My body experiment: group fitness

The OG routine:

Exercising has always been my time to be in my own headspace, and for the last few years my workouts had centered around lifting. Sure, I liked it, but mostly it was what came easily to me. After spending most of my day creating plans for clients, doing a strength session was the path of least resistance. 

I’d generally write programs for myself in four- to six-week blocks to make sure I was progressing appropriately. But at the start of 2019, I was getting burned out thinking about fitness all the time. Between travel, work projects, my kids, and everything else happening in my day-to-day, I had little mental energy to think about my gym routine. As a result, my goals became broad and unfocused: to build general strength and fitness.

The breaking point: 

The lack of specificity made structuring my own workouts less fun. I became more and more disengaged during my sessions; I’d just head into the gym without a real game plan and do whatever lifts took the least amount of mental effort. Planning my own workouts became like a third job, and I didn’t have the bandwidth to do it anymore. So one day, I signed up for Precision Run.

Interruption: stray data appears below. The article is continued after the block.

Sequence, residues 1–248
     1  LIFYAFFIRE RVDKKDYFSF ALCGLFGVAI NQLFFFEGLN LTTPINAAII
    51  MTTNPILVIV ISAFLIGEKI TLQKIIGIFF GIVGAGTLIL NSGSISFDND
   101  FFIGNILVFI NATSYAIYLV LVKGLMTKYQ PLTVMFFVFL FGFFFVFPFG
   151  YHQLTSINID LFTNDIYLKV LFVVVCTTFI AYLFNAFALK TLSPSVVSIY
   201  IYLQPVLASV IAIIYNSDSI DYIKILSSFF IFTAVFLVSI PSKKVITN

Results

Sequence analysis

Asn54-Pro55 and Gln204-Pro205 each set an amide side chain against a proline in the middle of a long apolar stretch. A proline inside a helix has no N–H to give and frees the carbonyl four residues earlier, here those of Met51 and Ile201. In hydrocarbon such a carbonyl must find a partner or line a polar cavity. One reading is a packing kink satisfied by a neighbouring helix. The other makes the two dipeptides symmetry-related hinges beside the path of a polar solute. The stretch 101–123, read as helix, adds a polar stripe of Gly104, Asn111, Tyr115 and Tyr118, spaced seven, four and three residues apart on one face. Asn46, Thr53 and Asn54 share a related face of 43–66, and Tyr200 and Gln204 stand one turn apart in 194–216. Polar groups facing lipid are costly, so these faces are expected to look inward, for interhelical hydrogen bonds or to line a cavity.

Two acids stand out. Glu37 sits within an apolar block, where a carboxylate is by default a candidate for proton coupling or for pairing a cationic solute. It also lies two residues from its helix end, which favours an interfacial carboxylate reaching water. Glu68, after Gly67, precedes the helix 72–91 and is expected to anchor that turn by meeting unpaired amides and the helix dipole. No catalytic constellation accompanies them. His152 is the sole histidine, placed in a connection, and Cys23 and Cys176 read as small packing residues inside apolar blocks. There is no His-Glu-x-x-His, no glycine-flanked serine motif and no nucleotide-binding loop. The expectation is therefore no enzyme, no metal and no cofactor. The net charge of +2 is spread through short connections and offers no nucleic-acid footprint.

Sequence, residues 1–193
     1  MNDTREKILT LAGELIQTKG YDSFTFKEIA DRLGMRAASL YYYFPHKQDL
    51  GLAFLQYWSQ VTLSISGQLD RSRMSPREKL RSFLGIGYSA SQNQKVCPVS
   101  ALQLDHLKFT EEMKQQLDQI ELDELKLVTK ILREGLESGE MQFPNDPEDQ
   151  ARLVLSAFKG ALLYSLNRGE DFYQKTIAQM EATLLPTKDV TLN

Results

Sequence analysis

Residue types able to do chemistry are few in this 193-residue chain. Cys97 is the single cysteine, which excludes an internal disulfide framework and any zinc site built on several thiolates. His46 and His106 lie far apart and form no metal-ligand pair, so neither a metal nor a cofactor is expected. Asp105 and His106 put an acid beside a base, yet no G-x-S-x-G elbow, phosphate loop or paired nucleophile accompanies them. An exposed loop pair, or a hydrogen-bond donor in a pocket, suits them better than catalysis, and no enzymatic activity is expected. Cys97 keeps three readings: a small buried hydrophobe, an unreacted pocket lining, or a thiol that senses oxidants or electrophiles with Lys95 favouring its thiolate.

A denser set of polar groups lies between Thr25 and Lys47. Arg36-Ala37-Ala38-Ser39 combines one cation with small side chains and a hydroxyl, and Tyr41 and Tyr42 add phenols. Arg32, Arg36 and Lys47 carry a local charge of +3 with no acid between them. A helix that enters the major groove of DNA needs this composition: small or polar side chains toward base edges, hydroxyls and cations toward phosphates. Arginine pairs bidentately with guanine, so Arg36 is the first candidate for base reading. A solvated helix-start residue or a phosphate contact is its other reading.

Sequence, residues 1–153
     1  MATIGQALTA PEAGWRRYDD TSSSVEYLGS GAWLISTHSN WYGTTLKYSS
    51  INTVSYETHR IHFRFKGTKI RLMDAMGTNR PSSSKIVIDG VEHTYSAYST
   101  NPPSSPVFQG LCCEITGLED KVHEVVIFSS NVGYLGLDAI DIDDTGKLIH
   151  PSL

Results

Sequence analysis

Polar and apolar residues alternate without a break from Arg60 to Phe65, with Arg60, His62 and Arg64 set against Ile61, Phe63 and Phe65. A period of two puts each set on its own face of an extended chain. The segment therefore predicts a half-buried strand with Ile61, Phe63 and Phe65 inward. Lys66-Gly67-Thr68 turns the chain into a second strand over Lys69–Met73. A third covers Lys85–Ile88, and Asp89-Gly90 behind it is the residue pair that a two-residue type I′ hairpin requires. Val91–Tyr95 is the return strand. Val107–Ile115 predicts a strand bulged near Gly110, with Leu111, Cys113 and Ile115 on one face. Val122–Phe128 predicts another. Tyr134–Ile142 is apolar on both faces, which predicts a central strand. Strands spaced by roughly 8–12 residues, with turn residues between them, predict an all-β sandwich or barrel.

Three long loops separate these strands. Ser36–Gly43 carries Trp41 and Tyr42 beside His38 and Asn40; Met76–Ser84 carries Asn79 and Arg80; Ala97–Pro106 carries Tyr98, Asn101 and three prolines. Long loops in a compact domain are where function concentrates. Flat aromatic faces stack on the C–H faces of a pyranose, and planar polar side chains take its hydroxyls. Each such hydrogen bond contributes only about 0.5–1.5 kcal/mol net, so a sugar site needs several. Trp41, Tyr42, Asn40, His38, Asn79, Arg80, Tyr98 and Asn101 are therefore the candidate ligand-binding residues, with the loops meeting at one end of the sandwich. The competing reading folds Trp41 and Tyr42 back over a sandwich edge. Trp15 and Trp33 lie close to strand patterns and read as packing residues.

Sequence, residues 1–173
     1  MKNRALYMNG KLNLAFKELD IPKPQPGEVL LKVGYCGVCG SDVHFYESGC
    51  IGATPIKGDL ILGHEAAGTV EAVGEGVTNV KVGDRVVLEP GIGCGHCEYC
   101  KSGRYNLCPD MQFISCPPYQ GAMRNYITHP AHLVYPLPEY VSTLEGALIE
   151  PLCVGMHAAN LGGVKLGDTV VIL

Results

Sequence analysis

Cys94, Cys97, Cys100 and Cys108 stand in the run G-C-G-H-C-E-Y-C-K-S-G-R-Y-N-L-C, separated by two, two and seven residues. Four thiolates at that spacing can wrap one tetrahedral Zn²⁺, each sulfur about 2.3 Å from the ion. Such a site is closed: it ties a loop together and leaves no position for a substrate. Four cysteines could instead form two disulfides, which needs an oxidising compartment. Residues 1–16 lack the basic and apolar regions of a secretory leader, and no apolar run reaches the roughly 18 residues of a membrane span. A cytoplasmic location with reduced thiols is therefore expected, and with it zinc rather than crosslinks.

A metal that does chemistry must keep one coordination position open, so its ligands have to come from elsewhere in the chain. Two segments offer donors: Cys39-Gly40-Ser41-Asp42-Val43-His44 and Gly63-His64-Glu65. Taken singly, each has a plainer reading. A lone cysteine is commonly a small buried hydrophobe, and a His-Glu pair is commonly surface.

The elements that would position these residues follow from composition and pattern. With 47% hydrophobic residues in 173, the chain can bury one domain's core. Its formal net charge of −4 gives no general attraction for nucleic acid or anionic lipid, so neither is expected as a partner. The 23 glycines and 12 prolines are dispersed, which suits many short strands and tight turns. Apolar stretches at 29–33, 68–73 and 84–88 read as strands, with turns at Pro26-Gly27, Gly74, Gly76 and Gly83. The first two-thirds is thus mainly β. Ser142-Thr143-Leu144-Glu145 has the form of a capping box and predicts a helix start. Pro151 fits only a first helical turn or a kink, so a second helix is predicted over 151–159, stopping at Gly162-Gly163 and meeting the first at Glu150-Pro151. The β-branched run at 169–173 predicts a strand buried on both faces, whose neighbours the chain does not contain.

The new programming: 

I strongly dislike running. I could have eased into group fitness by starting with something familiar, like strength, but I already knew how to do that on my own.

If I was going to take classes, I wanted to try something that I wouldn’t have been able to program myself. I had worked with David Siik, the creator of Precision Run, on the new Labs, so I knew they had fantastic treadmills. For me, Precision Run was the perfect entry to group fitness. 

I tried it for the first time in February. What surprised me most was that I didn’t hate it. The class, which is interval- rather than distance-based, appealed to me because there’s a lot of variation in speed and incline and every routine is different than the last. And it's true: Those treadmills are amazing. Once you run on one, you’ll never want to run on anything else. I went back, again and again. 

My success in Precision Run encouraged me to look at another fitness genre: yoga. Considering I couldn’t even touch my toes, I wasn’t excited about spending an entire hour on flexibility. Thankfully, Equinox has several athletic-focused offerings. Because these routines combine flexibility and strength, I felt both challenged and capable in my first class, which drew me in even more. I quickly became a regular at Inner Heat at Gramercy on Fridays at 12:30. 

Next, I experimented with boxing after people around the office recommended it. I’ve always liked the activity, but doing a whole class with gloves and heavy bags was still a change for me. 

I learned quickly that finding instructors with challenging programs was crucial if I wanted structure and consistency. My go-tos are Damien Alexander and Cooper Chou for yoga, CeCe Marizu for cardio and metabolic conditioning, and David Siik and Elizabeth Corkum, aka Coach Corky, for Precision Run.

The perks: